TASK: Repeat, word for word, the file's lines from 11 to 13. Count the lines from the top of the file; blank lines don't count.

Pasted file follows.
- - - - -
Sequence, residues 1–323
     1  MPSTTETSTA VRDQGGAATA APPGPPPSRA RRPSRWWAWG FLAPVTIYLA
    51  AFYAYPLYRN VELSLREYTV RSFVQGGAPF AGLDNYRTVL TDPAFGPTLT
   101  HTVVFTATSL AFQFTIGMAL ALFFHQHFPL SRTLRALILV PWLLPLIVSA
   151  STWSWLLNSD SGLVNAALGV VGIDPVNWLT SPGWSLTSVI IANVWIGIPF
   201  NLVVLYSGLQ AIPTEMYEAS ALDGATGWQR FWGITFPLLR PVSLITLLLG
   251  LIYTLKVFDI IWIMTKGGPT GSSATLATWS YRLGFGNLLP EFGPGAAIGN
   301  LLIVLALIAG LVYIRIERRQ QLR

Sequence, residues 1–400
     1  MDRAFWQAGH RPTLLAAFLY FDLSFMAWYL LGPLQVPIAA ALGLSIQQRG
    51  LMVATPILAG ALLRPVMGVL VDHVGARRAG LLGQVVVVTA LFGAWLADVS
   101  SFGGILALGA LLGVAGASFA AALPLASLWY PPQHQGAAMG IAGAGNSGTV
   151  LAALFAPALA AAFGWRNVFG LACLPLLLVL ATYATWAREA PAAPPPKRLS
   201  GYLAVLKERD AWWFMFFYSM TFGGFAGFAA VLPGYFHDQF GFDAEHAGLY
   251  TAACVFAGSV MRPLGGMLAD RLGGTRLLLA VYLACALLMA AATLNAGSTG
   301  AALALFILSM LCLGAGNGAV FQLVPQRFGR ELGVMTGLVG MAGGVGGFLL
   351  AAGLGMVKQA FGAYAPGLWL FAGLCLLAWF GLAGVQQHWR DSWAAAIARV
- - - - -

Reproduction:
    51  LMVATPILAG ALLRPVMGVL VDHVGARRAG LLGQVVVVTA LFGAWLADVS
   101  SFGGILALGA LLGVAGASFA AALPLASLWY PPQHQGAAMG IAGAGNSGTV
   151  LAALFAPALA AAFGWRNVFG LACLPLLLVL ATYATWAREA PAAPPPKRLS